Monthly Archives: June 2008

Interesting Thought of the Day

From tech writer Michael Malone:

The awful truth that is probably dawning on Bill Gates is that the more he is lionized by the world, the more ineffectual he will likely become. Ahead lie awards and honors for his good works, but it is the big bad works behind him at Microsoft where Gates really changed the world.

Read the whole thing

Feeling my Age

It was my birthday today, and my folks called up to wish me a happy birthday. (They also sang “Happy Birthday” to me over the phone in a pretty impressive two-part harmony). It was nice.

At some point in the conversation, they asked me if I felt my age.

“It depends”, I replied, “When I was up playing Ghost Recon 2 until 3 in the morning to welcome in my birthday, I guess I felt pretty much like a kid…”

“…but when Neil and Kelly came in to wake me up at 8:30 this morning and poked their sharp little elbows into my spleen while jumping on the bed and shouting ‘Happy Birthday!’…”

“…At that point, I definitely felt my age.”

Bill Gates on Microsoft Usability Frustrations

You’re not the only one frustrated with Microsoft. This from a 2003 email sent by Bill G. himself:

I am quite disappointed at how Windows Usability has been going backwards and the program management groups don’t drive usability issues.

He goes on to rip everything from file naming to the need to call his own contacts in order to figure out how to download Microsoft Movie Maker from the company web site. For UI folks it’s fascinating reading, as well as a cautionary tale of how lots of little annoyances can add up into a full interface meltdown.

Check it all out at Todd Bishop’s Microsoft Blog

New Round of Custom Instruments for Rock Band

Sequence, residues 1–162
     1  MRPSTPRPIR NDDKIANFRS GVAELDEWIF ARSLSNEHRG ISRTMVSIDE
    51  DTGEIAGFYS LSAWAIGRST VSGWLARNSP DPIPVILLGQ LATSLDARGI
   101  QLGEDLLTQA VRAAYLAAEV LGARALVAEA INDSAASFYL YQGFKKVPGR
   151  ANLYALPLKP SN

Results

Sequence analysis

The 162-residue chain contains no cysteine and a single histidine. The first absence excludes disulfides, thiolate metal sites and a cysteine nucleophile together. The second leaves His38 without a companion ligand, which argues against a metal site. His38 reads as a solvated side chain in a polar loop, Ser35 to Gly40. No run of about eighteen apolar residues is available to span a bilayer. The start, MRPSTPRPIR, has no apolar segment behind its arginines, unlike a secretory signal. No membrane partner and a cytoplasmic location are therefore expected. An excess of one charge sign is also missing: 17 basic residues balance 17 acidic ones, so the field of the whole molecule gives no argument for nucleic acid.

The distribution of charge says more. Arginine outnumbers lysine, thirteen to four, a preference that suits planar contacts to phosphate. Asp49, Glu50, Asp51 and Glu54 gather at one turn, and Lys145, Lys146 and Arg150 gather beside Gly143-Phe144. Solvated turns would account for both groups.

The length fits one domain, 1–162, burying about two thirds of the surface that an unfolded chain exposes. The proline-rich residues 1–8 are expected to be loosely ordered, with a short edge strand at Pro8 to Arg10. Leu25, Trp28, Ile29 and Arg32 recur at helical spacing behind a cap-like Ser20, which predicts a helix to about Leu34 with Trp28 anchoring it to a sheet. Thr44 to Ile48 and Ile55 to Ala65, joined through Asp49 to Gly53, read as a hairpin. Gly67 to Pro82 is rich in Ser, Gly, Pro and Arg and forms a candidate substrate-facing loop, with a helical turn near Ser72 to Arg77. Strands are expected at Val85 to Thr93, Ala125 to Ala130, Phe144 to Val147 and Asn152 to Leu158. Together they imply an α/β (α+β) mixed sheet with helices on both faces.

Want them already.

Rock Band drums

(I Also want bigger picture of the drums so I can make out the margin notes)

So Obvious It’s Brilliant (Plus the Secret Origin of Atomic Avenue)

I love this story–not just because it points toward a possible way of fighting a devastating disease, but because of the sheer simplicity of the approach.

Now, I have no idea whether this sort of approach is the Next Big Thing in oncology, but I’m attracted to the story because it seems to be a great example of someone looking around, seeing how something (in this case, advances in cloning technology) has changed the game, and revisiting an old problem with a fresh set of eyes. Suddenly, an amazing insight like, “Hey, if this guy’s immune defenses are being overwhelmed by cancer cells, why don’t we just send in an army of cloned reinforcements from his own cells?” becomes almost blindingly obvious.

Of course, once the first person thinks of something like this (and it works), everyone in the audience can just sort of shake their head and look sadly at the other researchers who’ve spent decades trying to perfect other approaches and wonder why they were wasting their time on something that now looks like a hopelessly pointless and old-fashioned way to address the problem.

To wit: Obviously the way to stop dealing with scratches and crackles on record albums is to encode and play back record albums digitally! Obviously it makes no sense to haul around a huge, battery-sucking boom box on your shoulder to listen to music when a tiny set of headphones attached to a Walkman (or later CD or MP3 player) lets you listen to your tunes wherever you want without annoying everyone else around you.

Sure, we say “obviously” now, but until someone thought to use the decades-old technology of Analog-Digital converters and lasers to record and play back music digitally, all the “smart” audiophiles were spending countless hours trying to de-static and dust their record albums, and researchers were focused on devising avant-garde tone arms and improved, diamond-tipped record styluses. Similarly, before Sony introduced the Walkman, music lovers were more concerned with how big (and heavy!) the boom box needed to be in order to hear good bass, and whether Duracell or Energizer made the best batteries. Had the Walkman not disrupted everything, the next great area of research would no doubt have concentrated on making and perfecting rechargeable D-cells.